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Information for those regulated by state agencies

As the 2017 legislative session is in the rearview mirror, many of the laws passed have recently gone into effect. State agencies are tasked with proposing and adopting rules that implement the measures passed by the legislature. To take one agency as an example, the Texas Department of Licensing and Regulation, "TDLR", oversees more than 130 license types and related industries, and more than 500,000 licensees. Those numbers numbers continue to grow as the legislature continues to transfer programs over to TDLR. As these new areas are brought into TDLR's fold, TDLR must pass rules relating to these areas. For example, TDLR just announced its new rules relating to Massage Therapists. Massage Therapists are just one of six new areas covered by TDLR after last session. You can see the announcement and the changes here.

The process is designed to provide notice and the opportunity to participate in the development of the rules. In my practice I have not only been involved in drafting and advocating for legislation on behalf of clients, but I have also worked on behalf of my clients with various agencies throughout the rule making process. And there are occasions when there is a dispute as to the meaning of a rule, or a dispute as to whether the agency had the authority to adopt the rule in the first place. In those instances, we head to the courthouse.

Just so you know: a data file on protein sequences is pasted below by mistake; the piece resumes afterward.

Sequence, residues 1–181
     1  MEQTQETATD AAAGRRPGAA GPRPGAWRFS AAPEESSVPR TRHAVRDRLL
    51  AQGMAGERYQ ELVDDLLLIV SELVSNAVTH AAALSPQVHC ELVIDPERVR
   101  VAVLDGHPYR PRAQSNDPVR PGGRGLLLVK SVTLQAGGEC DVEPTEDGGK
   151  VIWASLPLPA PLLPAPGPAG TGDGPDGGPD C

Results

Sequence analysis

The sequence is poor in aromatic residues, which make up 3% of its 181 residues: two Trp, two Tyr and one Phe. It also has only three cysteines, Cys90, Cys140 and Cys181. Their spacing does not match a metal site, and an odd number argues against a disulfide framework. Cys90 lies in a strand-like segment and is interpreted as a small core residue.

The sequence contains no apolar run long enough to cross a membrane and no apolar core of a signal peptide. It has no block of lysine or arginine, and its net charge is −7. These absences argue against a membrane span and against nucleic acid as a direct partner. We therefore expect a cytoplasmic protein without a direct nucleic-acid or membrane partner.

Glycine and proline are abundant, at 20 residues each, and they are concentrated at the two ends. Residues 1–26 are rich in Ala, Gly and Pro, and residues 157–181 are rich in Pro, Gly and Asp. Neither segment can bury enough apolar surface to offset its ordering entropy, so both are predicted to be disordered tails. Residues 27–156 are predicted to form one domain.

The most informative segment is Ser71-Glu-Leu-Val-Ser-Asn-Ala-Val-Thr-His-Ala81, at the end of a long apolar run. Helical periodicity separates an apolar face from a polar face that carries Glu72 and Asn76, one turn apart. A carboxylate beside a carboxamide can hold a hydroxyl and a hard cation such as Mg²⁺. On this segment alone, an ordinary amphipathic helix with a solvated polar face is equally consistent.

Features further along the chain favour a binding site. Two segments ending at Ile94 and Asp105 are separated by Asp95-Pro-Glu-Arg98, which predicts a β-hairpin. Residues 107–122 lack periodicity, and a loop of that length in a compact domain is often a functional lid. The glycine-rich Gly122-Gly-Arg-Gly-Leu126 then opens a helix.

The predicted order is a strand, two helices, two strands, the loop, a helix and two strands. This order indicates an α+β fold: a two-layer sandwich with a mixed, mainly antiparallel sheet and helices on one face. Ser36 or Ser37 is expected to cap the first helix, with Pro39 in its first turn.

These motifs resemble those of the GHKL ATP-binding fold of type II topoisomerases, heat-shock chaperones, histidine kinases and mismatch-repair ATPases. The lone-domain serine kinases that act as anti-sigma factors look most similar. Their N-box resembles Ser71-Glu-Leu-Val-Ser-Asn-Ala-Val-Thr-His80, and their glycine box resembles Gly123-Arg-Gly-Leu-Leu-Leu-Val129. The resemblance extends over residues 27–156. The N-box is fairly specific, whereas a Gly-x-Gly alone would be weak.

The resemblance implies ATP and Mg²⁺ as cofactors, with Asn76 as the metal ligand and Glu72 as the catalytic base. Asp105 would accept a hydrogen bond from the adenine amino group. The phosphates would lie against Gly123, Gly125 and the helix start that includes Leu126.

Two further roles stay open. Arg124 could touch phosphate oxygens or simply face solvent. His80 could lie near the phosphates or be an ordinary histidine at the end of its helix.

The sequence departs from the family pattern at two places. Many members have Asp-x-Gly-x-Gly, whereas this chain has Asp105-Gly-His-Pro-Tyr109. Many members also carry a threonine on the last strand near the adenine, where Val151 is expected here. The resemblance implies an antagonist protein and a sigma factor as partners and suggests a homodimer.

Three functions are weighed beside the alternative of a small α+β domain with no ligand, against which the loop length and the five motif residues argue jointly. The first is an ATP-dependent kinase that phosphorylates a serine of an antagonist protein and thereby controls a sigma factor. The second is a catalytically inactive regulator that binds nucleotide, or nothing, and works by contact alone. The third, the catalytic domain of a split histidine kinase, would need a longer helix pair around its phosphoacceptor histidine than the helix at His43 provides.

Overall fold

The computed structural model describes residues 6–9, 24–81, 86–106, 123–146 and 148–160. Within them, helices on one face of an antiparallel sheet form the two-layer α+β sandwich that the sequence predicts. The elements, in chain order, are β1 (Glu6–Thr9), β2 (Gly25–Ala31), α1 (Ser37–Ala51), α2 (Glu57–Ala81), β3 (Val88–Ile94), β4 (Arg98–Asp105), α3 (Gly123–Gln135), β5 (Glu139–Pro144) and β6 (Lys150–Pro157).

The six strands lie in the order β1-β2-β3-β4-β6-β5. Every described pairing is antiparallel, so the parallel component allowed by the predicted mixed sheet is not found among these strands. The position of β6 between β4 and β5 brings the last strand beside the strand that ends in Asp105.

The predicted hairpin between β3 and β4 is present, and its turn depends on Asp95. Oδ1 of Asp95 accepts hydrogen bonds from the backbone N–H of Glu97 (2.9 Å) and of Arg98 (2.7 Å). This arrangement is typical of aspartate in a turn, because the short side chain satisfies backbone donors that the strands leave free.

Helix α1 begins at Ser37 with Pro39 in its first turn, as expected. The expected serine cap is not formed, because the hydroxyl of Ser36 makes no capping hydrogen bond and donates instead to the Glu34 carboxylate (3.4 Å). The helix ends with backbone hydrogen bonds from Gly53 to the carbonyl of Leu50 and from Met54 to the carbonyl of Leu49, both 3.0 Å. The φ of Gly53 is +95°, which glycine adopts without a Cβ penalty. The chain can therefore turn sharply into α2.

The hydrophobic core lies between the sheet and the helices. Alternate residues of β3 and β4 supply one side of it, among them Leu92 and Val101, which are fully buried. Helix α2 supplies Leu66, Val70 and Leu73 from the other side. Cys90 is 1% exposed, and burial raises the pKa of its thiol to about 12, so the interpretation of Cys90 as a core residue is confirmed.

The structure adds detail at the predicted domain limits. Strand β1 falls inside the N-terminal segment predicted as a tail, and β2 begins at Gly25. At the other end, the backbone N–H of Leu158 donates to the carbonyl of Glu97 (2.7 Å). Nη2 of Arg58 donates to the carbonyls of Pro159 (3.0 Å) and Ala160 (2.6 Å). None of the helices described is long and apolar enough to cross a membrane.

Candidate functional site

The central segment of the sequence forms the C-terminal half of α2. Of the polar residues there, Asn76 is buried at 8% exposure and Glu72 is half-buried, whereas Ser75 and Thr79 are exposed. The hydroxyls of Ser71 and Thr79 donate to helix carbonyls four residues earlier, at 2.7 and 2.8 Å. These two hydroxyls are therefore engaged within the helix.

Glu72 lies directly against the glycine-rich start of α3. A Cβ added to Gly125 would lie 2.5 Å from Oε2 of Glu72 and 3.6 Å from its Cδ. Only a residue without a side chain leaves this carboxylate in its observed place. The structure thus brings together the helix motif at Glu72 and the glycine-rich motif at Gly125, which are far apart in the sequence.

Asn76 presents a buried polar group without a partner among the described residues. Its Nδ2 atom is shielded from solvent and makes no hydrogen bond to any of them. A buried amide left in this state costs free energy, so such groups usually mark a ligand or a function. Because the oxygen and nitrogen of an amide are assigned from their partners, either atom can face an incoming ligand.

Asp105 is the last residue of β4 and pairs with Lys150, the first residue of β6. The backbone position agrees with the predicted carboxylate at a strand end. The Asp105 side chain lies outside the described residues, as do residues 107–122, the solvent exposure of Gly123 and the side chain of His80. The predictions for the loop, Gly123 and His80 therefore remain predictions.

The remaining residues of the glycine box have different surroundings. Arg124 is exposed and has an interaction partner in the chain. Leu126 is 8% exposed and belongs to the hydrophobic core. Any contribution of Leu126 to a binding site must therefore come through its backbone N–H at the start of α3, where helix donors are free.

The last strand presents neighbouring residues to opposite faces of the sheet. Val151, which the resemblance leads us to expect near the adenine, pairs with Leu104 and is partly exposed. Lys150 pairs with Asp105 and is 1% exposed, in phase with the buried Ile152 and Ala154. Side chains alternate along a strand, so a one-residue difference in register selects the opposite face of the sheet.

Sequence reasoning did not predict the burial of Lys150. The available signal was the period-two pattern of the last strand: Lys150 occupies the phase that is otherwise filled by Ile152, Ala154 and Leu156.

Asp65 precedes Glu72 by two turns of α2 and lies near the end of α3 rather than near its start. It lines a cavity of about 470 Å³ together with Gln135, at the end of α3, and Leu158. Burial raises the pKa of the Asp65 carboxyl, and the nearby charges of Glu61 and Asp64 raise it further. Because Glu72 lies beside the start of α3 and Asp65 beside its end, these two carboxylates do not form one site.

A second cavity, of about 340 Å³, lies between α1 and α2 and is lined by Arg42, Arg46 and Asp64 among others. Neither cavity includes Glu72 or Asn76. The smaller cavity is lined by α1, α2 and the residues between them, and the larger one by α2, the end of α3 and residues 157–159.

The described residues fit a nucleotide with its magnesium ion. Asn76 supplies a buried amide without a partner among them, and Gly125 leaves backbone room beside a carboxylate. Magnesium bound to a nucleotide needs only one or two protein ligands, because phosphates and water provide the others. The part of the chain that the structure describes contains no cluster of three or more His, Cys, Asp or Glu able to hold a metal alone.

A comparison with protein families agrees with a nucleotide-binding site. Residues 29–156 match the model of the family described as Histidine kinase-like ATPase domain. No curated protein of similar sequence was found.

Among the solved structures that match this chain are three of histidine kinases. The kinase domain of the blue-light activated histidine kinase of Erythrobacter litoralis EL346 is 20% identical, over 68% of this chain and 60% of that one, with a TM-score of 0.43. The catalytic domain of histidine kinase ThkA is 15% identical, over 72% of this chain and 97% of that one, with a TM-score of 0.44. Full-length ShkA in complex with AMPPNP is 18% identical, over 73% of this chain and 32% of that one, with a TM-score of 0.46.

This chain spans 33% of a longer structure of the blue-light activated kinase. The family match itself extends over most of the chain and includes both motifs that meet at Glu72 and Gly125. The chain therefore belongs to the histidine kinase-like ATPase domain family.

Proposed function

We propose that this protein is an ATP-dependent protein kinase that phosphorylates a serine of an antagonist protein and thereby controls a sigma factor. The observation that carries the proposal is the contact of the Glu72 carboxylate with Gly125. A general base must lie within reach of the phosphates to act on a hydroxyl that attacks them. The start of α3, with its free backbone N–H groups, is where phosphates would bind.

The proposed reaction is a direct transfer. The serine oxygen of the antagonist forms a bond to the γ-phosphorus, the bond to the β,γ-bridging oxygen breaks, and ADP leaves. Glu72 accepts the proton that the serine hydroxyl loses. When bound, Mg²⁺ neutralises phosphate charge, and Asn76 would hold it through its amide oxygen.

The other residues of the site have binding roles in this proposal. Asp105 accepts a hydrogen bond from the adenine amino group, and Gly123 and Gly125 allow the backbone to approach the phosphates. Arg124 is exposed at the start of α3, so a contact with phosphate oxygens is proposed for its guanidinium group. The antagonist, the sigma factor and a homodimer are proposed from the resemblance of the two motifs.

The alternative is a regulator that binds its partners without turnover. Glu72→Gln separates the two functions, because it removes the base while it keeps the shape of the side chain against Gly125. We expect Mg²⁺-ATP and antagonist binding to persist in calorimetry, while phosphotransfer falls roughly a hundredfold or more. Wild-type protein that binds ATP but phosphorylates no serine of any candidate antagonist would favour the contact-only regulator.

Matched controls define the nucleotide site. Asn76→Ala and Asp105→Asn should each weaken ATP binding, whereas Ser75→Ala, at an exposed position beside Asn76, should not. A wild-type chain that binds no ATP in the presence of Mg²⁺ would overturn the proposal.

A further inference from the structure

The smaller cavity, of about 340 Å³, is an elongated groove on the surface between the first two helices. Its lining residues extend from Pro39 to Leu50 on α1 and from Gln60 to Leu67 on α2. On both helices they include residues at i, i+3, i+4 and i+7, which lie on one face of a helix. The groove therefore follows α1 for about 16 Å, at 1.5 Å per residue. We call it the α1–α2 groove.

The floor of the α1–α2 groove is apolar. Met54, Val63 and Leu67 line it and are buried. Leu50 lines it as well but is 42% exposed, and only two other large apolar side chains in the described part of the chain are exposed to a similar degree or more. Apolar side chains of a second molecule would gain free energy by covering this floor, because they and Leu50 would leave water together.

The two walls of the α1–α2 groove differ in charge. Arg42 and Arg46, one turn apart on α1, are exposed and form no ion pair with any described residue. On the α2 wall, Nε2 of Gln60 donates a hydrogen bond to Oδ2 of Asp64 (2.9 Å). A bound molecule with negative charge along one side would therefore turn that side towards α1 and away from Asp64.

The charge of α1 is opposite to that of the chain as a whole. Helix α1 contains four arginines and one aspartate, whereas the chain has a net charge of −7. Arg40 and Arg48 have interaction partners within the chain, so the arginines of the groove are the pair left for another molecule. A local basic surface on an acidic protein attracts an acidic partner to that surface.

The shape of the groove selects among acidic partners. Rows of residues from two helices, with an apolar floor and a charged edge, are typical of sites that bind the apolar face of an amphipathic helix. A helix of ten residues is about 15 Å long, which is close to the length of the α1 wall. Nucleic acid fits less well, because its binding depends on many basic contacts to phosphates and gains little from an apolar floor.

Many people think once a piece of legislation passes that it is the end of the process. This could not be further from the truth. Legislation that directs a state agency to do (or not to do) something usually requires the agency to propose and adopt rules. In addition, as an industry or profession changes, the rules often need to be reviewed and modified. The law also allows regulated industries and individuals to petition the agency to adopt a new rule. So whether an agency is directed by the legislature to adopt new rules, the agency adopts new rules on its own, or someone petitions the agency to make a rule change, you need to be involved.

If you are a licensed professional, or your business is regulated by one of the many state agencies, and you have questions regarding a rule, a proposed rule, or the need for a rule change, feel free to give us a call at The Law Offices of J Pete Laney. Avoid learning of a rule that may negatively affect your business after the rule has already been adopted. Get involved and make sure your ideas and concerns are heard and addressed.

Categories: Administrative Law, TDLR
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